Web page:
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The Magician others. It was a vicious face, except that beauty could never be quite vicious; it was a cruel face, except that indolence could never be quite cruel. It was a face that haunted you, and yet your admiration was alloyed with an unreasoning terror. The hands were nervous and adroit, with long fashioning fingers; and you felt that at their touch the clay almost moulded itself into gracious forms. With Haddo's subtle words the character of that man rose before her, cruel yet indifferent, indolent and passionate, cold yet sensual; unnatural secrets dwelt in his mind, and mysterious crimes, and a lust for the knowledge that was arcane. Oliver Haddo was attracted by all that was unusual, deformed, and monstrous, by the pictures that represented the hideousness of man or that reminded you of his mortality. He summoned before Margaret the whole array of Ribera's ghoulish dwarfs, with their cunning smile, the insane light of their eyes, and their malice: he dwelt with a horrible fascination upon their malformations, the humped backs, the club feet, the hydrocephalic heads. He described the picture by Valdes Leal, in a certain place at Seville, which represents a priest at the altar; and the altar is sumptuous with gilt and florid carving. He wears a magnificent cope and a surplice of exquisite lace, but he wears them as though their weight was more than he could bear; and in the meagre trembling hands, and in the white, ashen face, in the dark hollowness of the eyes, there is a bodily corruption that is terrifying. He seems to hold together with difficulty the bonds of the flesh, but with no eager yearning of the soul to burst its prison, only with despair; it is as if the Lord Almighty had forsaken him and the high heavens were empty of their solace. All the beauty of life appears forgotten, and there is nothing in the world but decay. A ghastly putrefaction has attacked already the living man; the worms of the grave, the piteous horror of mortality, and the darkness before him offer naught but fear. Beyond, dark night is seen and a turbulent sea, the dark night of the soul of which the mystics write, and the troublous sea of life whereon there is no refuge for the weary and the sick at heart. Then, as if in pursuance of a definite plan, he analysed with a searching, vehement intensity the curious talent of the modern Frenchman, Gustave Moreau. Margaret had lately visited the Luxembourg, and his pictures were fresh in her memory. She had found in them little save a decorative arrangement marred by faulty drawing; but Oliver Haddo gave them at once a new, esoteric import. Those effects as of a Florentine jewel, the clustered colours, emerald and ruby, the deep blue of sapphires, the atmosphere of scented chambers, the mystic persons who seem ever about secret, religious rites, combined in his cunning phrases to create, as it were, a pattern on her soul of morbid and mysterious intricacy. Those pictures were filled with a strange sense of sin, and the mind that contemplated them was burdened with the decadence of Rome and with the passionate vice of the Renaissance; and it was tortured, too, by all the introspection of this later day. Margaret listened, rather breathlessly, with the excitement of an explorer before whom is spread the plain of an undiscovered continent. The painters she knew spoke of their art technically, and this imaginative appreciation was new to her. She was horribly fascinated by the personality that imbued these elaborate sentences. Haddo's eyes were fixed upon hers, and she responded to his words like a delicate instrument made for recording the beatings of the heart. She felt an extraordinary languor. At last he stopped. Margaret neither moved nor spoke. She might have been under a spell. It seemed to her that she had no power in her limbs. 'I want to do something for you in return for what you have done for me,' he said. He stood up and went to the piano. 'Sit in this chair,' he said. She did not dream of disobeying. He began to play. Margaret was hardly surprised that he played marvellously. Yet it was almost incredible that those fat, large hands should have such a tenderness of touch. His fingers caressed the notes with a peculiar suavity, and he drew out of the piano effects which she had scarcely thought possible. He seemed to put into the notes a troubling, ambiguous passion, and the instrument had the tremulous emotion of a human being. It was strange and terrifying. She was vaguely familiar with the music to which she listened; but there was in it, under his fingers, an exotic savour that made it harmonious 8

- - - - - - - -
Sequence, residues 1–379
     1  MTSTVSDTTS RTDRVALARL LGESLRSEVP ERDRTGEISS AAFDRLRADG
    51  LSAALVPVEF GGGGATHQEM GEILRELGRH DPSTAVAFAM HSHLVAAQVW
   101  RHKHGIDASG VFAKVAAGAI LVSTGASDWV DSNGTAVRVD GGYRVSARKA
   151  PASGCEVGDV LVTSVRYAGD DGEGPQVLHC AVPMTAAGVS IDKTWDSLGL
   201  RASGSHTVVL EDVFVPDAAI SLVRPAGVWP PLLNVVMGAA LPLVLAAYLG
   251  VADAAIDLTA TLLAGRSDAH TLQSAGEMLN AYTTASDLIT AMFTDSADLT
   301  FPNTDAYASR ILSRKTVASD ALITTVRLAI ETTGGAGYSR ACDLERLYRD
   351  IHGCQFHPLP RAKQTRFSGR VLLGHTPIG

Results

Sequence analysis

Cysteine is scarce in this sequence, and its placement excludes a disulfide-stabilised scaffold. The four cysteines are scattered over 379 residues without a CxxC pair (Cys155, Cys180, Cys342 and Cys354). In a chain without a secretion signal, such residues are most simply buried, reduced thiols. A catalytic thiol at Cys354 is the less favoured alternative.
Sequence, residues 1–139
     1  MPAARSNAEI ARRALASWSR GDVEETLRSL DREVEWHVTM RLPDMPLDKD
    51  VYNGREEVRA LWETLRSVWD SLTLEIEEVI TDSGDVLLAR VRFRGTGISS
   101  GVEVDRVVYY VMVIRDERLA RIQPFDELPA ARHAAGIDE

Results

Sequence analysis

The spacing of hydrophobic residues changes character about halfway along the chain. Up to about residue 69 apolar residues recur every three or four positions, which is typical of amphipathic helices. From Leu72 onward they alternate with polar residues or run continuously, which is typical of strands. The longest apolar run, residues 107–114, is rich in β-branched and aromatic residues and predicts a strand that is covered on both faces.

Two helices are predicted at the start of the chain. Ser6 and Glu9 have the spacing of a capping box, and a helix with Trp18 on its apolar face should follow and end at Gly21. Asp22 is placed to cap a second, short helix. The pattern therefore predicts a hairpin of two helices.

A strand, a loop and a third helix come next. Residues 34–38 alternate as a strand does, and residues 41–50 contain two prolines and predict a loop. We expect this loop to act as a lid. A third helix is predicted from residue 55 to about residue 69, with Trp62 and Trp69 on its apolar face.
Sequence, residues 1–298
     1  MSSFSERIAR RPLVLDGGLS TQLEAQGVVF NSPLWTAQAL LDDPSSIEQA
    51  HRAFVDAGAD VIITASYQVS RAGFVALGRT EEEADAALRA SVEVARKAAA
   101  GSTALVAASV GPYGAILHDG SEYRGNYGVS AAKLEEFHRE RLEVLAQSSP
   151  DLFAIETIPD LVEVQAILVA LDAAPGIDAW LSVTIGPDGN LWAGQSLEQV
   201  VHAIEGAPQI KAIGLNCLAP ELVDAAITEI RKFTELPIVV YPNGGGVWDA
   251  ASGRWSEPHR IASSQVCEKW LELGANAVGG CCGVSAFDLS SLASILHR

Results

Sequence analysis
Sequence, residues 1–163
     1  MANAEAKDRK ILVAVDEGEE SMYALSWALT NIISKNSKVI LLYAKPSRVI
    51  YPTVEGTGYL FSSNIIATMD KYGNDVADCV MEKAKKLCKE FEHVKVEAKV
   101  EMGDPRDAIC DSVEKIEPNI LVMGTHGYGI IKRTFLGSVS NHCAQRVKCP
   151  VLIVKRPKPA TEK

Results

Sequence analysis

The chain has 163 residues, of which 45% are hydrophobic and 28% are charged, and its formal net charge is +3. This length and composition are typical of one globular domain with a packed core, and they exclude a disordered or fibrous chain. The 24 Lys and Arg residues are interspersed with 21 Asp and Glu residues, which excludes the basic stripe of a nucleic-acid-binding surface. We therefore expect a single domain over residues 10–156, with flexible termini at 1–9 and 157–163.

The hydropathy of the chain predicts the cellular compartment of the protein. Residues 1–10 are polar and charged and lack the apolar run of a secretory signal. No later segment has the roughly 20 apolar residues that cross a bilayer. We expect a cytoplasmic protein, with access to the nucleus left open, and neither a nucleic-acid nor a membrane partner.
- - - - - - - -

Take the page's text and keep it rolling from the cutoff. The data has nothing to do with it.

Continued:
The Magician  
The Magician  

W. Somerset Maugham